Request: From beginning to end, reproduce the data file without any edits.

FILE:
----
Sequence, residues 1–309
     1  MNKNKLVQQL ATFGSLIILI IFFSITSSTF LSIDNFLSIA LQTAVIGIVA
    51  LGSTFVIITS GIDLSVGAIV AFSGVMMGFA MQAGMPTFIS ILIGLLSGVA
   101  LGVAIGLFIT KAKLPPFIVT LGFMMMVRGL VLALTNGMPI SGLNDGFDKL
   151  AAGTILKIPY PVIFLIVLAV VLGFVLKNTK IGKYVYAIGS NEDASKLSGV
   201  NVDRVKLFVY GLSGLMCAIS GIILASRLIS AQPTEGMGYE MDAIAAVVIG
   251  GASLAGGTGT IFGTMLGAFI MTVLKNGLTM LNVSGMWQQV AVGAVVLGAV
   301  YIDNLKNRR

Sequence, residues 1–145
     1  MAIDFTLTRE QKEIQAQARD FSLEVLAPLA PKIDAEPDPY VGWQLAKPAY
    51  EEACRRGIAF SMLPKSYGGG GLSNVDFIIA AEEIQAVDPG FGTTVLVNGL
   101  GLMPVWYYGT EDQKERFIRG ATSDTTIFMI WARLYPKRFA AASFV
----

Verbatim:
Sequence, residues 1–309
     1  MNKNKLVQQL ATFGSLIILI IFFSITSSTF LSIDNFLSIA LQTAVIGIVA
    51  LGSTFVIITS GIDLSVGAIV AFSGVMMGFA MQAGMPTFIS ILIGLLSGVA
   101  LGVAIGLFIT KAKLPPFIVT LGFMMMVRGL VLALTNGMPI SGLNDGFDKL
   151  AAGTILKIPY PVIFLIVLAV VLGFVLKNTK IGKYVYAIGS NEDASKLSGV
   201  NVDRVKLFVY GLSGLMCAIS GIILASRLIS AQPTEGMGYE MDAIAAVVIG
   251  GASLAGGTGT IFGTMLGAFI MTVLKNGLTM LNVSGMWQQV AVGAVVLGAV
   301  YIDNLKNRR

Sequence, residues 1–145
     1  MAIDFTLTRE QKEIQAQARD FSLEVLAPLA PKIDAEPDPY VGWQLAKPAY
    51  EEACRRGIAF SMLPKSYGGG GLSNVDFIIA AEEIQAVDPG FGTTVLVNGL
   101  GLMPVWYYGT EDQKERFIRG ATSDTTIFMI WARLYPKRFA AASFV